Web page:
The only downside to the fight was an injury suffered early in the fight. "I went to the doctors afterward; they said I have a contusion in my left hand, which will require two weeks to heal."

That would normally earn a fighter a trip to the injured list, with his next performance not even considered until he's once again ready to go full throttle.

Dammit if Anthony Peterson will spend any more time away from the ring than has already been the case in 2008. He went into the Trejo fight having not fought since the first weekend of the year, the five-month period representing the longest of his young career.

The expected turnaround between last week's fight and his next? Five weeks – and that's including rehab time for the injury suffered in the Trejo fight.

"I'm coming right back, August 2 on HBO," insists Peterson, with deceptively strong Puerto Rican lightweight Jose Reyes rumored to be the opponent. "I'm still in great shape; I just can't hit anything until my hand fully heals. But they offered me the August 2 date on HBO; this is my shot, and I'm not letting any opportunity slip by."

Five weeks between fights is unheard of in today's market, at least beyond the prospect level. But it's another era to which Peterson believes standards should be held.

"I'm a big fan of Sugar Ray Robinson. I remember reading his record, seeing that he'd fight three times in one month. If I can mimic that, it'd be great on my behalf."

Between now and then, Anthony gets to play spectator, as he watches his older brother ply his craft at the Planet Hollywood Resort and Casino, as he faces Rogelio Castaneda in the televised co-feature on Showtime (Saturday, 11PM ET/PT).

Often has been the case where the brother act appeared on the same card, billed as separate co-main events. But while the two thrive off of living up to the standards set forth by the others, Anthony believes it's time they make names for themselves in separate capacities.

"It always feels good to watch my brother fight; it's a good experience. It was nice when we were on the same cards for a minute, but I'm now comfortable on my own and so is he. You can't give 'em two main events in one night, and it's unfair for one of us to take a step back for the other, it's not appropriate."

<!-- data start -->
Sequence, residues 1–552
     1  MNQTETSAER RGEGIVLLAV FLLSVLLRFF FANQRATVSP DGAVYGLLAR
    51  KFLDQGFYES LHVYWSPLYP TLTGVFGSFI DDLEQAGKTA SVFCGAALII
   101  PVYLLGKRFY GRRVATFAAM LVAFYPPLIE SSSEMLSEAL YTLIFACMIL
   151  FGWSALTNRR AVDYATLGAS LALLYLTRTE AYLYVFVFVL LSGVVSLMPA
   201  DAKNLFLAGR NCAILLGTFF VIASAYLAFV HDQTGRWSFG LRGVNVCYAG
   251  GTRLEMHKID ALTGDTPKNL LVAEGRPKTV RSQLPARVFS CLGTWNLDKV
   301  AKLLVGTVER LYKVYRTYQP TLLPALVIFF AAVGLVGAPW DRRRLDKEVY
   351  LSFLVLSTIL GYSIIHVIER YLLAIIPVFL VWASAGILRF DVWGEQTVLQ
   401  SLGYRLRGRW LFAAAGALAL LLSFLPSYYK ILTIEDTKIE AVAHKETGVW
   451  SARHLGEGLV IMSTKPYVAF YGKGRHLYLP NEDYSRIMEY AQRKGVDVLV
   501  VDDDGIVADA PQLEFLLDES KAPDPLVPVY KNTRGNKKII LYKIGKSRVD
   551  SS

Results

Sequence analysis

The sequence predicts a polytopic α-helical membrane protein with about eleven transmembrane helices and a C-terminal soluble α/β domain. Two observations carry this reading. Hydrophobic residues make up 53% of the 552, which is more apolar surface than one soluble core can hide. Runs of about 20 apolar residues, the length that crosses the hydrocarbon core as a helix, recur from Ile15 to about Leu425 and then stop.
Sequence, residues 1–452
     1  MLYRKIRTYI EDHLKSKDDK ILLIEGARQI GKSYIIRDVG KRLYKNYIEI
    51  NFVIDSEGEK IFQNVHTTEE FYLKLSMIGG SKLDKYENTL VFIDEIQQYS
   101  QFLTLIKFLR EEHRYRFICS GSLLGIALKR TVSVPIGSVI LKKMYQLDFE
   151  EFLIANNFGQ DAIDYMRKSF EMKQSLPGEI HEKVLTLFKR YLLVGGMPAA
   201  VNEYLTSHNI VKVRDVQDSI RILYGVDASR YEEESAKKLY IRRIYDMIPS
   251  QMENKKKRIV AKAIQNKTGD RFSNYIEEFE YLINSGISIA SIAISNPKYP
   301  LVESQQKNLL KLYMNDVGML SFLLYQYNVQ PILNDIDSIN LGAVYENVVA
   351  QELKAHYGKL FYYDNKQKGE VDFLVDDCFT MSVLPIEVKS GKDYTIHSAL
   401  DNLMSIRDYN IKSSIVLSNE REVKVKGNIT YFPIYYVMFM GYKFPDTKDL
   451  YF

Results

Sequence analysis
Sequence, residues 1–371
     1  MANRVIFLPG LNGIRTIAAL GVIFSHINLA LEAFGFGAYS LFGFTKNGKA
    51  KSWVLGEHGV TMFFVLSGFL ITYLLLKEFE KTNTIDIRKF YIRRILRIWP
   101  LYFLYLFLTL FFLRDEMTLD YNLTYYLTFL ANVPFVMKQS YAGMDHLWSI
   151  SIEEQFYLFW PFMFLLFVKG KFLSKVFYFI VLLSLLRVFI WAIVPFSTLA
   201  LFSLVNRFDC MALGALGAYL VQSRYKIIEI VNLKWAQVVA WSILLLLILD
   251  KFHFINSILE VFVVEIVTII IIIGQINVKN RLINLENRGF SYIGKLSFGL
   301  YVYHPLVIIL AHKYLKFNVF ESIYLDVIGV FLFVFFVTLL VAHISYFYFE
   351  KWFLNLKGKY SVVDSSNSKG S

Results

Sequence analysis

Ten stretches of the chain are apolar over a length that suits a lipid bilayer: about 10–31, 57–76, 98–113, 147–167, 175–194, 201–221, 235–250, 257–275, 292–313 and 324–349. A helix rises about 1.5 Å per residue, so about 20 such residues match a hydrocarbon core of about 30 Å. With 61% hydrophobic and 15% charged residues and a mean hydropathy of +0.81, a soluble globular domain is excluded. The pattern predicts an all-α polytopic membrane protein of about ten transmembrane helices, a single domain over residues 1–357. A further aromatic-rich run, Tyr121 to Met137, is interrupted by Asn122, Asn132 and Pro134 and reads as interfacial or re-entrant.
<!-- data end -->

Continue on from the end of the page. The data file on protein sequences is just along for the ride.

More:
Instead, they give them a double dose in the same city in back to back weeks. That city being Las Vegas, where neither brother has appeared prior to Anthony's fight last week and Lamont's forthcoming fight. In making his Sin City debut, Anthony believes he's right at home.

"It felt good," Peterson said of his first fight under the bright Vegas lights. "The air and everything is on point. This is the town where Sugar Ray Leonard and so many other superstars made a name for themselves. Now we're trying to make our names in Vegas."

Both will be attempting to do so in divisions overloaded with talent. Lamont's making his run at junior welterweight, which has been fully loaded for years. Anthony, on the other hand, is coming on at a time when the lightweight division is making a major comeback, in fact threatening to become the hottest division in the sport.

"Lightweight was in a drought, but is now packed with names. It's perfect timing for me."

It's a time he believes where, no matter the opponent, he will rise to the occasion.

"I'm on that level – I'm just as good as the competition. They'll bring out the best in me. No more growth period for me; I'm ready for the best."

Not that he's calling out anyone specific – at least not until he comes correct in the ring.

"Until I give a performance that has people demanding more of me, the only person I'm calling out is Anthony Peterson."

Jake Donovan is a member of the Boxing Writers Association of America and the Tennessee Boxing Advisory Board. Contact Jake at